Category Archives: Matthew 5:31-32


Matthew 5:31-32 says:

“Furthermore it has been said, ‘Whoever divorces his wife, let him give her a certificate of divorce.’ But I say to you that whoever divorces his wife for any reason except sexual immorality causes her to commit adultery; and whoever marries a woman who is divorced commits adultery.”

We will start by focusing on the first saying of Jesus here in Matthew 5:32a:

“Whoever divorces his wife for any reason except sexual immorality causes her to commit adultery.”

Unfortunately, many English translations have caused confusion over this statement due to a poor translation. In the Greek, this literally reads: “causes her to be adulterated” or “causes her to be the victim of his adultery.” In other words, this innocent woman is the victim of her husband. The man is the one who is guilty and the woman is the victim. This is seen as an action actually done to her.

The NIV correctly translates Matthew 5:32a as:

“But I tell you that anyone who divorces his wife, except for sexual immorality, makes her the victim of adultery.“

His adultery against her is the result of his unlawful ending of their marriage. This is a sin her husband committed against her, not a sin she committed. Therefore, the first person guilty is the male who unlawfully divorced his spouse. He is rightly the “adulterer” by unlawfully ending his marriage. It is vital that one notes this man commits adultery against his wife here by simply unlawfully divorcing her with no remarriage taking place. He is guilty of adultery by unlawfully divorcing his wife. The “adultery” takes place in the unlawful divorcing.

Therefore, Matthew 5:32a could rightfully be paraphrased as:

“Whoever divorces his wife for any reason except sexual immorality is guilty of committing adultery and makes his ex-wife the victim of his adultery.”

Now, let’s go to Matthew 5:32b:

“And whoever marries a woman who is divorced commits adultery.”

Many Bible students read Matthew 5:31-32 as a continuous statement. They assume this is the same woman who was just unlawfully divorced by her husband. However, grammatically, such is not the case. Matthew 5:32b is a completely different statement than Matthew 5:31a. In Greek, the participle is indefinite when speaking of this woman. This means this woman should not be understood as the same woman just spoken of in Matthew 5:32a. This is a different woman and a different scenario to which Jesus is speaking.

Furthermore, if Jesus was condemning the remarriage of an innocent woman who was put away by her hardhearted husband, then this would mean that Jesus was abolishing the protection laws for innocent women found in Deuteronomy 24 and Exodus 21 that gave the woman the right to remarry, as well as protected her from any future exploitation her ex-husband may attempt. If Jesus was abolishing the protection laws of innocent women, then this understanding would make absolutely no sense culturally or historically.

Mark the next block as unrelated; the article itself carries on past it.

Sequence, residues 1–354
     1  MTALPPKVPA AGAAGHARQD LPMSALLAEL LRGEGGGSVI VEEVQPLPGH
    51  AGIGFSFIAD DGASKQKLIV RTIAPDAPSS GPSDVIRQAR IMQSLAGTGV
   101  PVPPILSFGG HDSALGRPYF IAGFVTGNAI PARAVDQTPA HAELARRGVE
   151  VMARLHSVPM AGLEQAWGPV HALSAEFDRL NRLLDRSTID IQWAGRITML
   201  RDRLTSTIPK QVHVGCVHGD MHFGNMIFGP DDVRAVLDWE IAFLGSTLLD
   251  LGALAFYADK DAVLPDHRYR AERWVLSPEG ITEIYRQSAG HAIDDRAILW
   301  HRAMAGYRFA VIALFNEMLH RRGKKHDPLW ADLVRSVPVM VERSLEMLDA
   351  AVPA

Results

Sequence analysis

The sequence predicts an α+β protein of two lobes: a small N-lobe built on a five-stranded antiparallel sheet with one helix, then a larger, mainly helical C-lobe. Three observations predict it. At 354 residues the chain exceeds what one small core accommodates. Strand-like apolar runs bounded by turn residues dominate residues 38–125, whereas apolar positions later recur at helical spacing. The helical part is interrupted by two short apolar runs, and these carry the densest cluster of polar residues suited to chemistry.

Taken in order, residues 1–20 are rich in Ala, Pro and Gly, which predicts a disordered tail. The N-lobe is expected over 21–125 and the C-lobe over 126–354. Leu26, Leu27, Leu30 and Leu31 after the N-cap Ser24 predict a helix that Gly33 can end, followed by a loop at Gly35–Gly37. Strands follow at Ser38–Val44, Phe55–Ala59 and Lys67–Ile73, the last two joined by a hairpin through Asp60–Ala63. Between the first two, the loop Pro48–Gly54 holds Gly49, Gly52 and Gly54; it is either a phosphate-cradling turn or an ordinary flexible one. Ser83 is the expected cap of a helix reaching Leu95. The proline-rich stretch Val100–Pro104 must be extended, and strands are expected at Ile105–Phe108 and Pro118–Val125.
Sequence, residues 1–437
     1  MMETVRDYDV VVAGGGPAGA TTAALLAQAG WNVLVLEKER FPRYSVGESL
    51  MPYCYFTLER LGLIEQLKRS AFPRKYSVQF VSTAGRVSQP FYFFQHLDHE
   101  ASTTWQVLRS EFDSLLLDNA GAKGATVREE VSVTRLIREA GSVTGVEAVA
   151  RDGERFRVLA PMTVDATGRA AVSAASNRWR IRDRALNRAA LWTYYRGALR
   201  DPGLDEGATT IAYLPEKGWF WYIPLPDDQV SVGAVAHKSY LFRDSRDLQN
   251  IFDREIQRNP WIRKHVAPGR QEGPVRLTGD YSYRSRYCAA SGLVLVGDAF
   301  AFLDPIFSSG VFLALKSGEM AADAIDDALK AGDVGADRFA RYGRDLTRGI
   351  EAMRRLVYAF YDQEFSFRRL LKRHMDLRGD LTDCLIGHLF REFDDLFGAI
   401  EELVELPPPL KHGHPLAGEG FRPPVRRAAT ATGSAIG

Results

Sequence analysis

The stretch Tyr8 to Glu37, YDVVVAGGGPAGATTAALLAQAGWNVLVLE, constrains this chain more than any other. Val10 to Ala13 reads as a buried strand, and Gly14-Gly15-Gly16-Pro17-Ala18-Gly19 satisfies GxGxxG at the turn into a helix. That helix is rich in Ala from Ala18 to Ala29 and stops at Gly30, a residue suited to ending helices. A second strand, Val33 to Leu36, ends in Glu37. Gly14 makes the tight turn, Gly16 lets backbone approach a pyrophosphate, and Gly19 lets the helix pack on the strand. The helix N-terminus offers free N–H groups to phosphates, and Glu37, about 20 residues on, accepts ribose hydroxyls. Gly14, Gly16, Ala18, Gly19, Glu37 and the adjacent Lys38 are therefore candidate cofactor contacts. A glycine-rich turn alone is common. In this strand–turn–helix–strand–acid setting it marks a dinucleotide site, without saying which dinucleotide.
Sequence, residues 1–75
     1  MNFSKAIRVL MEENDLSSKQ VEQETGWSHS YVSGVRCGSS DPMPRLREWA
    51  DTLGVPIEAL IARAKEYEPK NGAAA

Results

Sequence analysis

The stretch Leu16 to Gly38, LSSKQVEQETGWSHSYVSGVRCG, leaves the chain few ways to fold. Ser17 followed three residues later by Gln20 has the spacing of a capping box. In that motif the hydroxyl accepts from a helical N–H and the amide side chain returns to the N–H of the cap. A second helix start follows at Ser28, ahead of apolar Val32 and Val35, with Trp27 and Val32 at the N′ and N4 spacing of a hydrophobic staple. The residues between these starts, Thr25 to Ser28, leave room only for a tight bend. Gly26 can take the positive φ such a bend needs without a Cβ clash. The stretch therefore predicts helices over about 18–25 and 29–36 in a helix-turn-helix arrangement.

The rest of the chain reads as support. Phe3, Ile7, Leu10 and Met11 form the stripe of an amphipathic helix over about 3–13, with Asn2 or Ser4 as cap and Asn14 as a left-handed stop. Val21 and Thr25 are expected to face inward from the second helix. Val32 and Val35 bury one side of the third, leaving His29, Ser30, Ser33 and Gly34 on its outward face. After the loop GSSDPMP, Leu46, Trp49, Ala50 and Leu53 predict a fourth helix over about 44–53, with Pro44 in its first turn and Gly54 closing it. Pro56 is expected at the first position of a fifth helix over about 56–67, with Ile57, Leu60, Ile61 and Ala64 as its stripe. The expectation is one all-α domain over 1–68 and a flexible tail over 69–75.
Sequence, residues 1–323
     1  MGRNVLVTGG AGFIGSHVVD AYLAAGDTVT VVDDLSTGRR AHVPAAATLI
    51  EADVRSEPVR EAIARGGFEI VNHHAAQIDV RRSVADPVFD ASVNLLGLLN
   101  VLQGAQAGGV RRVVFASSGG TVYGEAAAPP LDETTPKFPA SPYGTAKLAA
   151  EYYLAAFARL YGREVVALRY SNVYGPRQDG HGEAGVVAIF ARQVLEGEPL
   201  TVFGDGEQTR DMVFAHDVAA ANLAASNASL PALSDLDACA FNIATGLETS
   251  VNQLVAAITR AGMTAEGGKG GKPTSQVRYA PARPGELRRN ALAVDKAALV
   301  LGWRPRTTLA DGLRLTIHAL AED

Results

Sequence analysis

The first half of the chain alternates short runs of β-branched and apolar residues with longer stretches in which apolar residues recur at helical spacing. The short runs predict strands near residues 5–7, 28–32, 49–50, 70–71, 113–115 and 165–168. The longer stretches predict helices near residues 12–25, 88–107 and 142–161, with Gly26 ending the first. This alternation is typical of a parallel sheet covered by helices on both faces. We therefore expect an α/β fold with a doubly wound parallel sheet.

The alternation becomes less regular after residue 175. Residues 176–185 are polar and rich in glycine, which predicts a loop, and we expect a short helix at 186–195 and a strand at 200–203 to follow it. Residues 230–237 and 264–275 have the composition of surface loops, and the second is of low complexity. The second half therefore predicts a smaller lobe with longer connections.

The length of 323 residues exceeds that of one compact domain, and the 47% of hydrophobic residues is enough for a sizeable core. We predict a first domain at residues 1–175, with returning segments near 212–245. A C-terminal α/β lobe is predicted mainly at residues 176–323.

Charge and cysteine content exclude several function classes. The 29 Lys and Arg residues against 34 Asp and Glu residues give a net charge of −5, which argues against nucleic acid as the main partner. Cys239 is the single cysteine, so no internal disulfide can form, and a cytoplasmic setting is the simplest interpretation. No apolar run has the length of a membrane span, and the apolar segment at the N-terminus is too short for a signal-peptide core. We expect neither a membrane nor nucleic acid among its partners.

Contextually speaking, this is the exact opposite point Jesus is making. Why would Jesus negate the laws put in place to protect women only to give the hardhearted man further power by putting the divorced woman in a position where she could never remarry? This would mean that not only would the husband not have to financially provide for her living rights as the law states (Ex. 21:10), but she could no longer be free to go to someone else. The tenor of this passage and the marital teachings of Jesus is to protect the innocent, not destroy the regulations that were put in place to protect them.

So, if the woman in Matthew 5:32b is not the innocent woman who was divorced by her husband, who is she? Well, she would be a woman who unlawfully divorced her husband. When considering the “divorced woman” in Matthew 5:32b, the participle could be understood as middle (reflexive intensive) which would emphasize the woman’s unlawful initiation of the divorce in this statement. This also harmonizes nicely with what Jesus said in Mark 10:12:

“If a woman divorces her husband and marries another, she commits adultery.”

Therefore, this would mean that in the first saying in Matthew 5:32a, a man who unlawfully divorces his spouse is guilty. In the second saying in Matthew 5:32b, a woman who unlawfully divorces her husband and the man for whom she divorced her husband are both guilty. This would also make sense as to why the man in Matthew 5:32b who would marry this divorced woman is guilty of adultery. He is guilty because he is the complicit partner and beneficiary of this woman’s unlawful divorcing of her husband. In other words, the “homewrecker” is not innocent. This would emphasize that the adultery is not in the future marriage itself, but in the way the new marriage was being attained (i.e., through an unlawful divorce, specifically caused by a third complicit party).

The preferred paraphrase of Mathew 5:32b would be:

“And the homewrecker whom the woman unlawfully divorced her husband for is also guilty of adultery because he is the beneficiary/complicit partner of her unlawful divorce.”

Therefore, when considering Matthew 5:31-32 grammatically, contextually and historically, we should conclude that Jesus was teaching against:

  • A man (or woman) who unlawfully divorces their spouse.
  • If applicable, a complicit third party (man or woman) whom the man (or woman) unlawfully divorced their spouse for because they are the beneficiary/catalyst of the unlawful divorce.

– Kevin Pendergrass

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